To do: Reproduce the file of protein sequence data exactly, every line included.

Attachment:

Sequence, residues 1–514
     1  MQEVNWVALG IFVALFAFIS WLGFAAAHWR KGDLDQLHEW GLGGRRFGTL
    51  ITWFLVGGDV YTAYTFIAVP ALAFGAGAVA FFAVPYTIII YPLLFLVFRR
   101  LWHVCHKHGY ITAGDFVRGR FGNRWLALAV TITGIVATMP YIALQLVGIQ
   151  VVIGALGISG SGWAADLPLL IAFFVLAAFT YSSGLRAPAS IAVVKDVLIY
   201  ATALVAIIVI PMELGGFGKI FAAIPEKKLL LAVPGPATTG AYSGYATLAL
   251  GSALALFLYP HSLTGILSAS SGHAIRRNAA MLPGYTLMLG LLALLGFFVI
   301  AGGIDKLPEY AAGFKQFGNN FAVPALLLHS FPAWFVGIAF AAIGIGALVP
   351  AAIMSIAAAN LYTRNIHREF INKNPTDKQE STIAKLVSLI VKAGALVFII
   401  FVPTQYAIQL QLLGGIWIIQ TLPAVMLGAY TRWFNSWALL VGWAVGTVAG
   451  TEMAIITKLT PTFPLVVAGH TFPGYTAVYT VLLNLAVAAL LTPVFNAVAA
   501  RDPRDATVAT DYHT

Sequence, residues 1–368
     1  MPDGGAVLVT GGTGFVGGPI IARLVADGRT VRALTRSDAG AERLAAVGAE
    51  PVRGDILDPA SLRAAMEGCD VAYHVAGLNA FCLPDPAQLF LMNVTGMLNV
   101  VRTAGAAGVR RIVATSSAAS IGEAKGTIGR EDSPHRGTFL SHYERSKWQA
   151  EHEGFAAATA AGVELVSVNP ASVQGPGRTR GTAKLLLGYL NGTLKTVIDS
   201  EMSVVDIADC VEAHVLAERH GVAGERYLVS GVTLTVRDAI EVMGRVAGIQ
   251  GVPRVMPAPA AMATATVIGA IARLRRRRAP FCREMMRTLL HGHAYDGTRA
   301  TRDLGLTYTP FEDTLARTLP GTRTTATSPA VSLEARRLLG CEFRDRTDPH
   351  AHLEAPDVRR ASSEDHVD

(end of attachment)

Sequence, residues 1–514
     1  MQEVNWVALG IFVALFAFIS WLGFAAAHWR KGDLDQLHEW GLGGRRFGTL
    51  ITWFLVGGDV YTAYTFIAVP ALAFGAGAVA FFAVPYTIII YPLLFLVFRR
   101  LWHVCHKHGY ITAGDFVRGR FGNRWLALAV TITGIVATMP YIALQLVGIQ
   151  VVIGALGISG SGWAADLPLL IAFFVLAAFT YSSGLRAPAS IAVVKDVLIY
   201  ATALVAIIVI PMELGGFGKI FAAIPEKKLL LAVPGPATTG AYSGYATLAL
   251  GSALALFLYP HSLTGILSAS SGHAIRRNAA MLPGYTLMLG LLALLGFFVI
   301  AGGIDKLPEY AAGFKQFGNN FAVPALLLHS FPAWFVGIAF AAIGIGALVP
   351  AAIMSIAAAN LYTRNIHREF INKNPTDKQE STIAKLVSLI VKAGALVFII
   401  FVPTQYAIQL QLLGGIWIIQ TLPAVMLGAY TRWFNSWALL VGWAVGTVAG
   451  TEMAIITKLT PTFPLVVAGH TFPGYTAVYT VLLNLAVAAL LTPVFNAVAA
   501  RDPRDATVAT DYHT

Sequence, residues 1–368
     1  MPDGGAVLVT GGTGFVGGPI IARLVADGRT VRALTRSDAG AERLAAVGAE
    51  PVRGDILDPA SLRAAMEGCD VAYHVAGLNA FCLPDPAQLF LMNVTGMLNV
   101  VRTAGAAGVR RIVATSSAAS IGEAKGTIGR EDSPHRGTFL SHYERSKWQA
   151  EHEGFAAATA AGVELVSVNP ASVQGPGRTR GTAKLLLGYL NGTLKTVIDS
   201  EMSVVDIADC VEAHVLAERH GVAGERYLVS GVTLTVRDAI EVMGRVAGIQ
   251  GVPRVMPAPA AMATATVIGA IARLRRRRAP FCREMMRTLL HGHAYDGTRA
   301  TRDLGLTYTP FEDTLARTLP GTRTTATSPA VSLEARRLLG CEFRDRTDPH
   351  AHLEAPDVRR ASSEDHVD